OUR paths crossed. We were friends but our bond was brotherly. He was a senior and ever counselling brother. He was always ready to make the age argument. Hence, it was his entitlement at some point when we shared a room in Fajuyi Hall, OAU, Ife, to sleep below while I slept atop our double bunk bed.
We entered the University of Ife together, did all our 101s, 102s and all 100 level courses together. We attended all the great Jingo (Dr. Dipo Fasina) lectures, the Dr. Geoff Tangwa lectures, etc, in philosophy. Pius left the university earlier than me, graduating in B.A. Philosophy; I followed shortly with LL.B. We graduated from Obafemi Awolowo University, even though we were admitted into the University of Ife by JAMB.
Our times together, which continued after Ife, were great and memorable. We were Catholics and did share many other bonds beyond books, politics and academics. He was highly cerebral, articulate, focused, organised. A role model; a great strategist and a futurist.
A philosopher, indeed and in truth. We did “practise” and certainly had some stint in campus journalism as freelancers. We “anchored” at The Bee (a campus newspaper), did our pranks, stung, bugged and buzzed in accordance with the best ethics of campus journalism.
This was during the anti-intellectual Buhari-Idiagbon military dictatorship when our teachers were hounded as those who were “teaching what they were not paid to teach”. At that time, even our rival and perhaps more known publication, The Cobra, was catapulted into national limelight by the military junta which described it as “a subversive publication” in a nationwide broadcast.
Pius went ahead and won election into the Students Representative Council, SRC, where he distinguished himself as a great debater. He cut his political teeth in the Great Ife tradition. Activism was in his blood; responsible and purposeful activism, that is. He took time to equip himself for service. He obtained a law degree at Uniben after graduating from Ife while cutting his teeth as an entrepreneur.
He made his entrepreneurial debut modestly in entertainment, catering, rental and hospitality services. Plying his trade in business and services his contacts spread quickly, fuelled by his public-spirited disposition to clients and patrons. He lived with his people in the Warri axis and got to know them extremely well while serving them. Whenever he visited me in Little Road, Yaba for Lagos weekends, he was the same big brother, humble, full of vision and passion for service. We reminisced over our days in Ife. We were most pained and challenged by the injustice of June 12. He admired my occasional newspaper commentaries on the raging subject of June 12. We said “never again” together.
It was hardly surprising that when the opportunity beckoned for him to run for the Delta House of Assembly to represent his native Effurun, no one else stood a better chance. He had warmed himself to his peoples’ hearts. He knew them, they knew him. He was genuine and generous, caring from the heart of service and not out of opportunism.
A politician with non-severable bond with his constituents was born. It is rare in Nigeria, but Senator Ewherido demonstrated that such a genuine connection was possible. That was the very secret of his strength as a legendary politician. That was why he was able to “kill” giants and became a cat with nine lives. But it is a lesson that those who kept courting and who are presently mourning him would not learn.
His infectious personality, charm and charisma had no hiding place in Delta State House of Assembly. Rather, they came to public affirmation from that Chamber, where he served for eight years, and spread across the state. While officially the Deputy Speaker, he was the Acting Speaker for most of his tenure, owing to the ill-health of the substantive speaker and to all the impeachment dramas that marked his tenure. As a speaker, he steered the Delta State House of Assembly into a forum for constructive debate.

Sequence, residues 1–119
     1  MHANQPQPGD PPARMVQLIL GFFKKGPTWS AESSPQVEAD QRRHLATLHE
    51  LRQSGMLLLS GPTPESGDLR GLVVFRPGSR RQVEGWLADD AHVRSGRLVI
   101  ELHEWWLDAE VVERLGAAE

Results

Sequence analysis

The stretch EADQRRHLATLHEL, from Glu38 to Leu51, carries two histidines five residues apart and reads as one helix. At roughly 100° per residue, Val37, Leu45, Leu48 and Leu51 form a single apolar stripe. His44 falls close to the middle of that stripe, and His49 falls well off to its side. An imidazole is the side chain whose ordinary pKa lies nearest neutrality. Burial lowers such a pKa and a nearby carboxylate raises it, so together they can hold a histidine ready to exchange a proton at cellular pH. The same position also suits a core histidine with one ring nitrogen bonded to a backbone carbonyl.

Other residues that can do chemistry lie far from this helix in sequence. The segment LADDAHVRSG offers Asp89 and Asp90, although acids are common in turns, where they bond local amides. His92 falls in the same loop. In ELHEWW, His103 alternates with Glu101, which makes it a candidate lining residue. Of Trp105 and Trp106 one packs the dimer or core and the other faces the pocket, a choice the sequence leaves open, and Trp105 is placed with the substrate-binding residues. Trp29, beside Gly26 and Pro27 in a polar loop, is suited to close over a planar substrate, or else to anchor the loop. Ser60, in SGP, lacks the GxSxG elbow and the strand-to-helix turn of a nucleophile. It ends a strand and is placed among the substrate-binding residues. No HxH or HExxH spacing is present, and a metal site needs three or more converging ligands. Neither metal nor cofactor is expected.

He did not miss the opportunity to draw from the wisdom of Nigeria’s genuine patriots (even our own WS) whom he occasionally invited to address the House. I had opportunities of personal visits to him in Asaba at the height of his provincial legislative career. As a confident strategist and pragmatist, he already had a clear vision of his political career after the House of Assembly.
I was struck through one of the nights we spent together on how he talked with genuine concern and sympathy about the ill-health of his boss, the then speaker. After the speaker’s death, he ably survived all the intrigues and banana pills of his office and did not hesitate to play the game of survival whenever that was inevitable. This was the time when James Ibori called the shots in Delta State.
Ewherido was truly a Deltan, a true Urhobo son and lover of Urhobo language, an Isoko grandson, and a worthy Ijaw in-law; at home with the Itsekiri and a good friend of the Anioma peoples. He was always conscious of his broad support base.
His desire to rule Delta State was motivated less by ambition than by a sense of duty and a commitment to right wrongs; to empower the weak. But such motivation was a wrong one in the eyes of PDP. A sense of duty, service, merit, justice and competence proved too ideal to thrive in the party Senator Ewherido then belonged. Those were the reason that the PDP could not trust him with the governorship of Delta State. Having been denied the opportunity to serve from the State House in Asaba, Ewherido bided his time. He was not manifestly bitter and was hardly malicious.
He spoke no ill of his adversaries. At the right time, he mobilized his people and got their consent to serve them in Abuja as a Senator. But he kept his eyes on the State House. He believed in the power of the executive to make tremendous and lasting impact on the people.
Prof. CHIDI OGUAMANAM wrote from Ottawa, Canada.